By Leonard Grape
Many CPG start-ups fail within the first year.
In fact, it’s widely reported by various research studies that between 70 to 90% of new CPG companies don’t succeed.
It’s tough to be a founder of a better-for-you food & beverage CPG company. Your odds are stacked against you. The margin for success can be slim. But there are still a lot of brands that are thriving in the space.
In my podcast, I’ve talked to numerous better-for-you CPG founders.
I’ve exerted effort to learn about their beginning challenges, how they think, their struggles and milestones in the early days.
They also shared with me their mistakes, frustrations, and tipping points towards success.
To uncover what it took for them to succeed so other founders like you can emulate them.
My genuine curiosity to discover industry truths – both the good and the bad, has put me in a position of knowledge.
And I want to share these learnings with you by talking about six valuable lessons from other founders that can help you find better success in your own CPG journey.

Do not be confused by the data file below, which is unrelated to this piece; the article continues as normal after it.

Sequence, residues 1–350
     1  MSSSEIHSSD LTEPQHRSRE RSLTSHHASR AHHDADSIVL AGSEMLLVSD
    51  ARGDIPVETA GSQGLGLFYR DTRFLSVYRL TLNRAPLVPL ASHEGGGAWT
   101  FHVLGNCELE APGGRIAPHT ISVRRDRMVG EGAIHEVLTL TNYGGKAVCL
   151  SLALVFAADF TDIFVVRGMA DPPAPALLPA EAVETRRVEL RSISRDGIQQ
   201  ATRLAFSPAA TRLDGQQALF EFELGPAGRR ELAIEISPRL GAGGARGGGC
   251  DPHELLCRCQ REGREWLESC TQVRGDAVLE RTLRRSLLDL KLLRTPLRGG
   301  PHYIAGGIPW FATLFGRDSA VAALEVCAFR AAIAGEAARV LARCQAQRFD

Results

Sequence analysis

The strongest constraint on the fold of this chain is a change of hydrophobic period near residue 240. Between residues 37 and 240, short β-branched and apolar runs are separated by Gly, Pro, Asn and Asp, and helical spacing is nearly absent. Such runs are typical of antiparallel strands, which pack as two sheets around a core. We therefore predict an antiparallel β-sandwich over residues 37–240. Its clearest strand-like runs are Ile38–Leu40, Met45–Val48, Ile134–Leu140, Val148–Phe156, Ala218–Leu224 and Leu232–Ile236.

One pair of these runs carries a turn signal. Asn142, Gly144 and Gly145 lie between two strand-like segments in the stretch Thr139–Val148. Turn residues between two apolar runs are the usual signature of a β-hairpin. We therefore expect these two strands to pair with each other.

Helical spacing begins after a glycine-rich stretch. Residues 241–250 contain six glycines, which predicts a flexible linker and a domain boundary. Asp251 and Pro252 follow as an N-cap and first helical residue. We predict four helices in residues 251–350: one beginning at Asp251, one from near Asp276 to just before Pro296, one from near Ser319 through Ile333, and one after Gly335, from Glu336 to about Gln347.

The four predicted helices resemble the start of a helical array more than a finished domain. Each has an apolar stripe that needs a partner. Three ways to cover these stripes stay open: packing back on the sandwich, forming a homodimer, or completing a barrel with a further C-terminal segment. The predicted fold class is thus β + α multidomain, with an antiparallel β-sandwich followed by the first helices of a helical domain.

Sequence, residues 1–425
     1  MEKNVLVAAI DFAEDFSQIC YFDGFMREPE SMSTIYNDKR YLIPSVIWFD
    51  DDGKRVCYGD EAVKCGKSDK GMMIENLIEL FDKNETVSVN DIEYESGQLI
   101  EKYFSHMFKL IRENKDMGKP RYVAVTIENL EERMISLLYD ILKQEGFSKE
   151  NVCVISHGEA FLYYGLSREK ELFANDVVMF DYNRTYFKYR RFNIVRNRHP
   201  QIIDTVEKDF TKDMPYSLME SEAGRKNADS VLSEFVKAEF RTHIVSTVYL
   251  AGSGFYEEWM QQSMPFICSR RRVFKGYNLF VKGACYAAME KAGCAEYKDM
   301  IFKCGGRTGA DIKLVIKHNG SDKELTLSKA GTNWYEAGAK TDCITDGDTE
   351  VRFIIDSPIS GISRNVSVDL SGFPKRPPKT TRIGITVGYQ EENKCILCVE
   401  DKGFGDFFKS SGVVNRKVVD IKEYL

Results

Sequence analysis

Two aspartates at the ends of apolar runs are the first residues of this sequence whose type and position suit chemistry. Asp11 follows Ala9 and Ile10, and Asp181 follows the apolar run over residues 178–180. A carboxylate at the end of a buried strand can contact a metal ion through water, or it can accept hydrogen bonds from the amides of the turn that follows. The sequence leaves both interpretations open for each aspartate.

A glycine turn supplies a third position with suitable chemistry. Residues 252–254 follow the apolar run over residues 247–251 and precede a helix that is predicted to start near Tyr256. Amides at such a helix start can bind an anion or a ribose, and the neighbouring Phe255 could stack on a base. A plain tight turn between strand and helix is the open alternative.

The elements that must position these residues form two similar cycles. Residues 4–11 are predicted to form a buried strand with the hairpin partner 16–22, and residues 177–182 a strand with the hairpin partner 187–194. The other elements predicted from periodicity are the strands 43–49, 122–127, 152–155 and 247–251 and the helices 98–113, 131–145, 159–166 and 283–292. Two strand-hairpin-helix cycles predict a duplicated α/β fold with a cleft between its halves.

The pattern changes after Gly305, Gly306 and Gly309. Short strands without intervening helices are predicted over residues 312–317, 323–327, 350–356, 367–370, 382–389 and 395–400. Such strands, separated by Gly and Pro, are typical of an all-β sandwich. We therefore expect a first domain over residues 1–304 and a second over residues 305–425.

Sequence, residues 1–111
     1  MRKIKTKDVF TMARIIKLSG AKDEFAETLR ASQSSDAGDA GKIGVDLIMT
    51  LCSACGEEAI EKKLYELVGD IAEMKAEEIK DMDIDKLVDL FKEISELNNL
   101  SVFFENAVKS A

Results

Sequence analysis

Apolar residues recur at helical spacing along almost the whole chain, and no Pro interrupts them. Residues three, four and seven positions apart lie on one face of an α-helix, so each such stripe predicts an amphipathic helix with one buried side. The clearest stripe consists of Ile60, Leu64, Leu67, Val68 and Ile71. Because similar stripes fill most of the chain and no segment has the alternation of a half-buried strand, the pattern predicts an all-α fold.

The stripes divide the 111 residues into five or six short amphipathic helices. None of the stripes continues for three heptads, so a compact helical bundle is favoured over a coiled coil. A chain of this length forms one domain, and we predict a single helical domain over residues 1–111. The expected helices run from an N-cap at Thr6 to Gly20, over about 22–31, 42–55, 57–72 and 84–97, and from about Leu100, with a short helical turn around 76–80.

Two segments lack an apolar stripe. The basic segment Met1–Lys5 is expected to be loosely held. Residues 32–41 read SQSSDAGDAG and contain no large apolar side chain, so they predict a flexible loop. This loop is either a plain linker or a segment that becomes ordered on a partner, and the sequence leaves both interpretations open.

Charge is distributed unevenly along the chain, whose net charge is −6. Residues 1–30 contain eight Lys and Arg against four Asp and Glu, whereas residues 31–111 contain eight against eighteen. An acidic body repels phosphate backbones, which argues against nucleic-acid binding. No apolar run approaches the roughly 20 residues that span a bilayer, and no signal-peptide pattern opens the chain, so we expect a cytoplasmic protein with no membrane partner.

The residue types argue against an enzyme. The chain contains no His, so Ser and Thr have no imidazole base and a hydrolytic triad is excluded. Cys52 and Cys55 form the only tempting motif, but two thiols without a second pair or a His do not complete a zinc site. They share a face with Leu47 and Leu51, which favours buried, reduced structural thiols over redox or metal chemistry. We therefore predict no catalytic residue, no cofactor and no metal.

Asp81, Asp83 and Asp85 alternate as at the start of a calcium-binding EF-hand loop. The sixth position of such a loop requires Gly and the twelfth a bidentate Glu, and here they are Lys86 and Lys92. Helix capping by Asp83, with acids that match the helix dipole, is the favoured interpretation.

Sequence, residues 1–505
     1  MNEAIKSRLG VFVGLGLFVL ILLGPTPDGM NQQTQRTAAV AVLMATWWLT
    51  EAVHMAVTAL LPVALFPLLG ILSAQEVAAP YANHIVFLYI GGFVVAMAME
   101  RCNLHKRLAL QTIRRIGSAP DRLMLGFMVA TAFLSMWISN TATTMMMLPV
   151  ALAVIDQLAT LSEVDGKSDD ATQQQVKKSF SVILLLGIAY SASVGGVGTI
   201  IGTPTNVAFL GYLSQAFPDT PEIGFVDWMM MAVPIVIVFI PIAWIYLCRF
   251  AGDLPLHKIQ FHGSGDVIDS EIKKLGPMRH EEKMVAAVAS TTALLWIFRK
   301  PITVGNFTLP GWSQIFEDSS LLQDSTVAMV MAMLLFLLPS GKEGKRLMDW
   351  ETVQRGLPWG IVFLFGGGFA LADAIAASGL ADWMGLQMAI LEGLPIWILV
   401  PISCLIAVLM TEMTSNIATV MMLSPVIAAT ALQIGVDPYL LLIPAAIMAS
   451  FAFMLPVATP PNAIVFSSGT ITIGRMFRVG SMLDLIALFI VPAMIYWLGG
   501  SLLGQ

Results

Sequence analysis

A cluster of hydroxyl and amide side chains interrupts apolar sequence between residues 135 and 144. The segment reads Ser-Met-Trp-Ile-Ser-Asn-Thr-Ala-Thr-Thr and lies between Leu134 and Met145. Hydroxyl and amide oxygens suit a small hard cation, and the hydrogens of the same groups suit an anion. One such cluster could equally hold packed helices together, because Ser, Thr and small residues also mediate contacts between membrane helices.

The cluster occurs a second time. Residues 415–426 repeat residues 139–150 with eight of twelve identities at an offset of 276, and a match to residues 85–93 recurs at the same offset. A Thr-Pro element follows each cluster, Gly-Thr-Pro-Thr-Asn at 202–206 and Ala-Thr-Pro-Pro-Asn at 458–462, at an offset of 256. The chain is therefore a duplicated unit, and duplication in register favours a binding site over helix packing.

Lesson 1: CPG is hard, really hard
A 90% failure rate is a staggering number. This reflects how consumer packaged goods have become such a difficult industry.
Let’s sum up a few key takeaways from this lesson:
Learning curve is long and winding, especially the first 2 to 3 years
Be ready to work hard for an extended timeline
Expect burn rate within 3 to 5 years
Profitability is a long horizon
While success is evasive in the CPG industry, it is not impossible to achieve.
Among the successful founders I’ve interviewed, patience and persistence stand out as their two vital keys to success.
But both traits must be complemented by sound business fundamentals, sales capabilities, and marketing efficacy to drive your brand to a winning stage.
Lesson 2: Every buck is a hard-earned money
If you’re just about to enter the industry, you need to think long and hard before diving in.
But if you’re already deep into your CPG journey, you probably know that every sale is hard-earned money.
There’s very tight competition across all categories.
You are breathing on a tight margin.
Given its capital-intensive nature, managing cash flow can become difficult.
But some success takeaways from other founders:
Be ready to be a salesperson and sell from day one
Start at a high margin rate, study price elasticity in your category
Anticipate the need to raise money, bootstrapping is possible but a long shot
Two of the major sales channels for most brands would be retail and direct-to-consumer.